Beware Subtle But Critical Distinctions Of Meaning For A Healthy Life


Finger Pointing at the Moon, meaning of life, Myrko Thum blog,

This distinction between the finger and the moon would seem to be obvious, but this is not always the case. Click on figure for more information.


“The nun Wu Jincang asked the Sixth Patriach Huineng, “I have studied the Mahaparinirvana sutra for many years, yet there are many areas I do not quite understand. Please enlighten me.

The patriarch responded, “I am illiterate. Please read out the characters to me and perhaps I will be able to explain the meaning.

Said the nun, “You cannot even recognize the characters. How are you able then to understand the meaning?

Truth has nothing to do with words. Truth can be likened to the bright moon in the sky. Words, in this case, can be likened to a finger. The finger can point to the moon’s location. However, the finger is not the moon. To look at the moon, it is necessary to gaze beyond the finger, right?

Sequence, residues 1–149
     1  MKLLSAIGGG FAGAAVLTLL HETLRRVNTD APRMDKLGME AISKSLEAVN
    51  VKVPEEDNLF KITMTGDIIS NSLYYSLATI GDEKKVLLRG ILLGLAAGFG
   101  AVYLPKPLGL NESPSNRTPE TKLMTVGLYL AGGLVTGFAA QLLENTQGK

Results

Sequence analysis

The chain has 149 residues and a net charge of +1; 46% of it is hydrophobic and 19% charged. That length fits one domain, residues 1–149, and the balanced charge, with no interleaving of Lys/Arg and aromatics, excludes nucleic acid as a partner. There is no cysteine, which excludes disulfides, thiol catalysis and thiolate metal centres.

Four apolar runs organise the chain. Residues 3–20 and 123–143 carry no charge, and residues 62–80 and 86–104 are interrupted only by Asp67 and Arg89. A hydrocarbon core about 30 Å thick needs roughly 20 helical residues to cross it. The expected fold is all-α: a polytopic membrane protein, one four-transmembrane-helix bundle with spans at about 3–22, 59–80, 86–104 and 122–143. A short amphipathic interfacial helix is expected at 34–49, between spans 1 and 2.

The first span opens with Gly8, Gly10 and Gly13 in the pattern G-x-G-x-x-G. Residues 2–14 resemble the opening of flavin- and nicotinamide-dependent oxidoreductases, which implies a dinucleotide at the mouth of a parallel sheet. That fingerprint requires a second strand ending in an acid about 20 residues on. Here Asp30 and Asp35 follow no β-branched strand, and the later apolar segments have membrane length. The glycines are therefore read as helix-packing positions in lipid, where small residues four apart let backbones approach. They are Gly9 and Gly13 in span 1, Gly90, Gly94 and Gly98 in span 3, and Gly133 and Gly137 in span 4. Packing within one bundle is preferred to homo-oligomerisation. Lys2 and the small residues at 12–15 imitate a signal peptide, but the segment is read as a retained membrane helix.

Written by Myrko

Hi folks,

Arrowsmith by Sinclair Lewis, being a scientist, conflict,

This book presents the ongoing conflict that exists between Science and Science Management, and I suspect that it will always be thus.

During a long scientific career, the greatest compliment I ever received was from a person I respect, one Dr. Bahman Asgharian, who said to me one day, out of the blue, “Kevin, I want to thank you for teaching me to question the obvious.” For a researcher, this is the highest accolade one can bestow.